Despite advances in global cooperation, Liechtenstein still has a reputation for being an enabler of tax evasion and tax fraud. However, this apparently isn’t as evil to some as gambling, as a citizen-led effort now looks to rid the European country of its casino footprint.
The initiative has forced a referendum to ban casinos. The many casinos, according to the group behind the campaign, are bad for the country’s reputation. The vote will take place this Sunday, according to Reuters.
The Las Vegas of the Alps, as the small European country is nicknamed, could lose its nickname in five years if the vote finds enough support. It would probably give Liechtenstein the record for the shortest legal gambling industry in history.
A Century in the Making
The small country has six casinos today out of eight that were operational just a few years ago. However, the market just came to life about five years ago after a century of failed attempts.
Proponents of the casino ban say the state’s “many” casinos are detrimental to the country’s image. The referendum is the result of the work of IG Volksmeinung (“popular opinion in German), a citizens’ initiative set up to counter what it calls a “tidal wave of casinos.”
Guido Meier, one of the group’s board members, calls the casinos a major reputation problem, despite the fact that they never appear in the news. He asserts that Liechtenstein’s residents don’t want the country to be a “casino and poker hotspot in the middle of Europe.”
While there’s obvious support for the measure, or there would be no need for a referendum, there are definitely some who would disagree with Meier. Around one-third of the local population are foreigners, some of who moved to Liechtenstein because of its lax tax laws and access to gambling.
Poker is a popular activity, as well. The Grand Casino Liechtenstein offers a number of tournaments, with February events ready to award more than CHF300,000 (US$324,8100) in guaranteed cash.
The casinos opened almost immediately upon legalization and mainly attract foreign tourists. Gamblers from Germany, Switzerland, and Austria regularly come to Liechtenstein to take a chance at one of the venues.
Liechtenstein needs to maintain its agreement with Europe and the US regarding financial operations. There are still cases where certain people are able to use the country’s banking system to hide funds, despite government leaders promising a crackdown.
One good example just occurred last year. Spain’s National Court discovered that Aurelia Sancho, the widow of deceased banker Arturo Romaní, hid over €3.65 million (US$3.96 million) through a foundation based in Liechtenstein.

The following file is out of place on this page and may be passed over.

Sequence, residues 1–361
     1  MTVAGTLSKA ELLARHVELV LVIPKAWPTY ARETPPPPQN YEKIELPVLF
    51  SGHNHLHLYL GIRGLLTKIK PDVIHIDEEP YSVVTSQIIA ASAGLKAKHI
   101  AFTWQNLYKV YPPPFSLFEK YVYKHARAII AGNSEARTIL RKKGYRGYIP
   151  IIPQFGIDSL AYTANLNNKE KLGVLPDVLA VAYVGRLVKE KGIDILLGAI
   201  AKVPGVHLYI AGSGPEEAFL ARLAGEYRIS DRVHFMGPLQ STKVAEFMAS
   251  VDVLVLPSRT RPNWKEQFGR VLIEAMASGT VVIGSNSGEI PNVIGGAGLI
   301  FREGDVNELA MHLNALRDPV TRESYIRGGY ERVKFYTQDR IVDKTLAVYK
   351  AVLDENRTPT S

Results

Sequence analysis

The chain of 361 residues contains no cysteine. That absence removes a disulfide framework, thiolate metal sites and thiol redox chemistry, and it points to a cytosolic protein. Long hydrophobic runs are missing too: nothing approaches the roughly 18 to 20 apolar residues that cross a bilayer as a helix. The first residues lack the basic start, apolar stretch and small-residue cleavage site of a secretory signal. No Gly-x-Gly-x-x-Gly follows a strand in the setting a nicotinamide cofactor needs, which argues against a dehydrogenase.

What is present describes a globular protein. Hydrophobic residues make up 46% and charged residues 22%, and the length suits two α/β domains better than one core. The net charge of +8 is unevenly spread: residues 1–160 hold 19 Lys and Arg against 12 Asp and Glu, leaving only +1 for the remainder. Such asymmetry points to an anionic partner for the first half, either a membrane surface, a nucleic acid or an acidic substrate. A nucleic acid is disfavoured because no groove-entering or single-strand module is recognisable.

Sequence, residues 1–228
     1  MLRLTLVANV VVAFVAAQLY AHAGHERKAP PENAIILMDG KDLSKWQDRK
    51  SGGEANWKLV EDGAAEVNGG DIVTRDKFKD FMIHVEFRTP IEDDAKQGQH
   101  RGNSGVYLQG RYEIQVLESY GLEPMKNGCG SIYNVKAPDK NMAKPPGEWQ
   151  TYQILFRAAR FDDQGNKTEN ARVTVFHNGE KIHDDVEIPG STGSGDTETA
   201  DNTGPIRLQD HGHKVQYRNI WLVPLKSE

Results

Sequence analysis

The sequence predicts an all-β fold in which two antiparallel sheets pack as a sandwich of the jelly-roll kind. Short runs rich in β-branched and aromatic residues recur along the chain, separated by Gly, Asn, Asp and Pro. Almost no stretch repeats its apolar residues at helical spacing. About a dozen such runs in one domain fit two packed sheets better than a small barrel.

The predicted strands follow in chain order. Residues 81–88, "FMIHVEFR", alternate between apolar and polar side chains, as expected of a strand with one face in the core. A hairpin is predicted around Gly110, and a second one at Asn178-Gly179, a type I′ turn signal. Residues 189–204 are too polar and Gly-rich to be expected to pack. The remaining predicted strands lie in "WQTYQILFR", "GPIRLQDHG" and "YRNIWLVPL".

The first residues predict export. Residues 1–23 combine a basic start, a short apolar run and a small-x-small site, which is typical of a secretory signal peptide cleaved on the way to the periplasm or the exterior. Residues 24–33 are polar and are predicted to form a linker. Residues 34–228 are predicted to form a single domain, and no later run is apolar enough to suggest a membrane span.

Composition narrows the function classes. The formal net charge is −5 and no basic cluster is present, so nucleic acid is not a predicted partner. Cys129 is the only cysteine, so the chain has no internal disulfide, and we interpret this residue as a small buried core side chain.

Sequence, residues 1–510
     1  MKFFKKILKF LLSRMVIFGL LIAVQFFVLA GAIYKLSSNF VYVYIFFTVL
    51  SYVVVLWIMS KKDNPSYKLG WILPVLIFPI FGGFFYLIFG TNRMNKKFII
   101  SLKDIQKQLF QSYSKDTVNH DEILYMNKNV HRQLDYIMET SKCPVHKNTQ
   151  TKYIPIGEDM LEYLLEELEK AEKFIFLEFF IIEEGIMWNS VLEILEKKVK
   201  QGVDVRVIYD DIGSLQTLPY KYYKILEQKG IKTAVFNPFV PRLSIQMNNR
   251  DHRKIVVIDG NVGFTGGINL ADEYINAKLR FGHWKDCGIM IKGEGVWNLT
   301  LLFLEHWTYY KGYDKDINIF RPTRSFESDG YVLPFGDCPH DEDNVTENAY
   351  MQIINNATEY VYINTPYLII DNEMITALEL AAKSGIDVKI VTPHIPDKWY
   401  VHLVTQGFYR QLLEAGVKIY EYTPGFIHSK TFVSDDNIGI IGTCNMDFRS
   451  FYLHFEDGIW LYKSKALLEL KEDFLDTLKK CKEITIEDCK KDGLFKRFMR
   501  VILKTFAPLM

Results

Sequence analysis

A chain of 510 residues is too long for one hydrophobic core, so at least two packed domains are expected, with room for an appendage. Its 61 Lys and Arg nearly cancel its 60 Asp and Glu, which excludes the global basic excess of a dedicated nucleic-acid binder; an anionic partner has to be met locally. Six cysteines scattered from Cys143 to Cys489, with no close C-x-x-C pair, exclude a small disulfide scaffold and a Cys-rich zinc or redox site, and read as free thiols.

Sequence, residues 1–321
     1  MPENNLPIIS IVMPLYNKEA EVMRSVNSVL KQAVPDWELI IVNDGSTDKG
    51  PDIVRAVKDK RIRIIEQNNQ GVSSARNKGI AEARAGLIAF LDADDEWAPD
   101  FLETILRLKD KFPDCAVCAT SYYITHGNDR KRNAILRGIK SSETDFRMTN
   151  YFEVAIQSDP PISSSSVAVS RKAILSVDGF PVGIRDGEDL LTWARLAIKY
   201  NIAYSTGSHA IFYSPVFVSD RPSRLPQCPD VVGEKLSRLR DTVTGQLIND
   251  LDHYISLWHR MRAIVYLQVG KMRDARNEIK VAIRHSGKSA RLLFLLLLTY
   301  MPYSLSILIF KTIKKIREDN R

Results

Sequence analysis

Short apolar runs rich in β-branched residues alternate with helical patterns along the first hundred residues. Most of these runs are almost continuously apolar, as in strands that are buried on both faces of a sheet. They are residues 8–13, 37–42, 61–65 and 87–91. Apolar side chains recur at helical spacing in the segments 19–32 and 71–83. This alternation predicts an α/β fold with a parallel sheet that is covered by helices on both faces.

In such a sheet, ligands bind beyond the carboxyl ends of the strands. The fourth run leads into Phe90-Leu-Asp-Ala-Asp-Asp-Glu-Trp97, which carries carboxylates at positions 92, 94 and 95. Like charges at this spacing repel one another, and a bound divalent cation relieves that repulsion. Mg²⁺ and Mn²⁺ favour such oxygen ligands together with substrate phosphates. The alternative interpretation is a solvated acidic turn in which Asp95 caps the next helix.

Romaní was allegedly the right hand of Mario Conde at banking institution Banesto. The two were convicted in 2000 for fleecing the bank out of tens of millions of euros.
Authorities never figured out how much money was missing since much of it ended up in protected accounts in Liechtenstein, Switzerland, and in other locales. It was a transaction coming out of Liechtenstein that ultimately tripped Romaní up.
At the very least, the money the widow tried to move has no paper trail. Her lawyer asserted in court that there was no way to know it came from illegal activity, though he was also unable to produce any documentation to prove the origin of the funds.
Even in 2015, years after agreeing to work with foreign governments on tax fraud, there were still issues. That year, a US Senate subcommittee on tax haven banks had a few choice words for the LGT Bank. It said the bank, controlled by the country’s royal family, continued to be “a willing partner and an aider and abettor to clients trying to evade taxes, dodge creditors or defy court orders.”
Ban “Radical and Exaggerated”
Casinos are a major source of income for the state treasury. Last year, visits to the casinos by mostly foreigners raised €50 million (US$54.24 million) in taxes.
Liechtenstein’s political leaders have, therefore, called for locals to reject the referendum. Deputy Prime Minister Sabine Monauni asserts that a ban is too radical and too exaggerated. He also says a ban isn’t a solution to gambling addiction, and the right balance must be found.
We want to continue to allow gambling in Liechtenstein, so we now need to strike a balance between measures that reduce activity but at the same time do not completely destroy the market,” Monauni said.
If the ban finds enough support, the casinos will have to close within five years. However, the general consensus is that the IG Volksmeinung is out of line.
The market has seen some natural reductions during the adjustment period following legalization, and attrition is likely to come automatically.
For the most part, the casino operators are staying quiet on the subject. Casinos Austria, which owns a casino in Liechtenstein, didn’t respond to a request for comment from Reuters. Multiple attempts by Casino.org to contact casinos were also futile.
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